"It is a bedrock principle of patent law that the claims of a patent define the invention to which the patentee is entitled the right to exclude." Phillips v. AWH Corp., 415 F.3d 1303, 1312 (Fed. Cir. 2005) (internal quotation marks and citations omitted). Generally, claim terms are given the ordinary and customary meaning that would be ascribed to them by a person of ordinary skill in the field of the invention. Id. at 1312-13; see also Rexnord Corp. v. Laitram Corp., 274 F.3d 1336, 1342 (Fed. Cir. 2001) ("[U]nless compelled to do otherwise, a court will give a claim term the full range of its ordinary meaning as understood by an artisan of ordinary skill"). Ordinary and customary meaning is not the same as a dictionary definition. "Properly viewed, the ordinary meaning' of a claim term is its meaning to the ordinary artisan after reading the entire patent. Yet heavy reliance on the dictionary divorced from the intrinsic evidence risks transforming the meaning of the claim term to the artisan into the meaning of the term in the abstract, out of its particular context, which is the specification." Phillips, 415 F.3d at 1321.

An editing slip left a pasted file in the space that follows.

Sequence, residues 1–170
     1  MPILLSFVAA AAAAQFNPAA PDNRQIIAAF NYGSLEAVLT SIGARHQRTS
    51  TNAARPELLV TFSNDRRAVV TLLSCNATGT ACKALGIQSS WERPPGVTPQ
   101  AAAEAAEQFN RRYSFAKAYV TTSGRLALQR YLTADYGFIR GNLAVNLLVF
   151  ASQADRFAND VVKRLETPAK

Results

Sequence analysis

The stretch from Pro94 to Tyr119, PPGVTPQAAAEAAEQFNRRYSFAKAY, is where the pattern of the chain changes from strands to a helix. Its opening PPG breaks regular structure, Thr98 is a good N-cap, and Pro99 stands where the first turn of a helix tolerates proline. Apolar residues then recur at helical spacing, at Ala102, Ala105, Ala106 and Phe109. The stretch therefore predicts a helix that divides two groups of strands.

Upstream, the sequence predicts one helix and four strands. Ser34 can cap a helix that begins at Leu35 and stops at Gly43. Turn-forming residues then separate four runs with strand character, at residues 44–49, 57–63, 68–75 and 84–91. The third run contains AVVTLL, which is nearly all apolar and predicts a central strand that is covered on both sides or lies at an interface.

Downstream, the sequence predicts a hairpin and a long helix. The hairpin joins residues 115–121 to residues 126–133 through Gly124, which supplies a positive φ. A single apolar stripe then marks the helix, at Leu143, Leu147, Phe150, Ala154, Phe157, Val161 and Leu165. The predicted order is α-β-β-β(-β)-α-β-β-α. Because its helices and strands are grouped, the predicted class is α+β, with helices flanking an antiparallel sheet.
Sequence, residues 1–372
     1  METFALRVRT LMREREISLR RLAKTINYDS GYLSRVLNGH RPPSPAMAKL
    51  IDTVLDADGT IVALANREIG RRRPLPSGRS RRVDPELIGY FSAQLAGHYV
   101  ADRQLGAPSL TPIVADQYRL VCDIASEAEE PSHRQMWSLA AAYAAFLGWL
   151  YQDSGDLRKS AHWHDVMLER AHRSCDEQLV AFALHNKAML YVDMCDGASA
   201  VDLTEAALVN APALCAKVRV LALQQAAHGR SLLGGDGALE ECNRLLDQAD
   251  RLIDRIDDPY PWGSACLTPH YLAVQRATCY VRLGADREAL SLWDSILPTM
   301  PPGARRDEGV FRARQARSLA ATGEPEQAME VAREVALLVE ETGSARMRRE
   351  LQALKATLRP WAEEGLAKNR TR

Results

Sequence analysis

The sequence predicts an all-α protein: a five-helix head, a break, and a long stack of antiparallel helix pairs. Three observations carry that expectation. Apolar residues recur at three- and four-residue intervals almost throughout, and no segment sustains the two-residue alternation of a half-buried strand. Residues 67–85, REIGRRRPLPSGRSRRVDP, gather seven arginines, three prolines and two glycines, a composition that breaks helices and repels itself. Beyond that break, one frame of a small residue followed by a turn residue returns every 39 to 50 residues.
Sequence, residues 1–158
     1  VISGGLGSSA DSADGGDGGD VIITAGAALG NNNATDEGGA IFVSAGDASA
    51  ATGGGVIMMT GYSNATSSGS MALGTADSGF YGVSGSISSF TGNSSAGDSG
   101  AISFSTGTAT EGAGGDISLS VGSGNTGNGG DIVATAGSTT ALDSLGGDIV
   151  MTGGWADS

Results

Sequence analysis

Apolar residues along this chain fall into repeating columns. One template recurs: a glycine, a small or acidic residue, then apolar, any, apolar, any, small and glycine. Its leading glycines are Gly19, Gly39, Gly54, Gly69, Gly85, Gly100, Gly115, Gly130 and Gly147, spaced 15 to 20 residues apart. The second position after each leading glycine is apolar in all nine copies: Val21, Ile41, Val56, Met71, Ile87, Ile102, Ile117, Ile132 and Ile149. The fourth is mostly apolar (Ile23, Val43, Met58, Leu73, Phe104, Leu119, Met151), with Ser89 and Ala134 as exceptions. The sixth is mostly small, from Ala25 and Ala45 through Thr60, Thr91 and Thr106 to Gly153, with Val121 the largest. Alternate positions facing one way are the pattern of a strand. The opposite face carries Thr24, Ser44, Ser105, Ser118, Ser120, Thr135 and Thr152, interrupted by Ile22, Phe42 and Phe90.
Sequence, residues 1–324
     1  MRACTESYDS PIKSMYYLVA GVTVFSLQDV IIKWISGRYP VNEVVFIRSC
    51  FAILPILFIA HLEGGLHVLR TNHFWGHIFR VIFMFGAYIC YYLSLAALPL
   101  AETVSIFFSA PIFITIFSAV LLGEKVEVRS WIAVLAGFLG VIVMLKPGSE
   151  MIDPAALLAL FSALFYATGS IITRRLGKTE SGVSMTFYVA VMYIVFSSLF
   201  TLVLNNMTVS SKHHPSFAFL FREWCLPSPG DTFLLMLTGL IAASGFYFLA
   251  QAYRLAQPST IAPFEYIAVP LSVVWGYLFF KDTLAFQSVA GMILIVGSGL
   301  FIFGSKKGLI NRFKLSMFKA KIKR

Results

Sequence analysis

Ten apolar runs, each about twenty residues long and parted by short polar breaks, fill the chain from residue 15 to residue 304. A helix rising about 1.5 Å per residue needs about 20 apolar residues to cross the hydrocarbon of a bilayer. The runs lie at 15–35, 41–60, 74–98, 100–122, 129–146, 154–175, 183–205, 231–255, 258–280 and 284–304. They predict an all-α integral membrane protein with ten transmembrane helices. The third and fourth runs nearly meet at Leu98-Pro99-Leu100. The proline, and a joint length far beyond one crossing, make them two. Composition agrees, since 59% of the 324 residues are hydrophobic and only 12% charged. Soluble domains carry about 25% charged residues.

The most "significant source of the legally operative meaning of disputed claim language" is the intrinsic evidence of record, that is, the claims, the specification and the prosecution history. Vitronics Corp. v. Conceptronic, Inc., 90 F.3d 1576, 1582 (Fed. Cir. 1996). This is because "the person of ordinary skill in the art is deemed to read the claim term not only in the context of the particular claim in which the disputed term appears, but in the context of the entire patent, including the specification." Phillips, 415 F.3d at 1313. Thus, "[t]he inventor's words that are used to describe the invention-the inventor's lexicography-must be understood and interpreted by the court as they would be understood and interpreted by a person in that field of technology." Multiform Desiccants, Inc. v. Medzam, Ltd., 133 F.3d 1473, 1477 (Fed. Cir. 1998); see also ACTV, Inc. v. Walt Disney Co., 346 F.3d 1082, 1088 (Fed. Cir. 2003) ("the context of the surrounding words of the claim also must be considered in determining the ordinary and customary meaning of those terms"). In some cases, the specification may reveal a "special definition" given by the inventor that differs from the meaning the term might otherwise possess. Phillips, 1415 F.3d at 1316. In such instances, "the inventor's lexicography governs." Id. Similarly, a specification may reveal "an intentional disclaimer, or disavowal, of claim scope by the inventor." Id.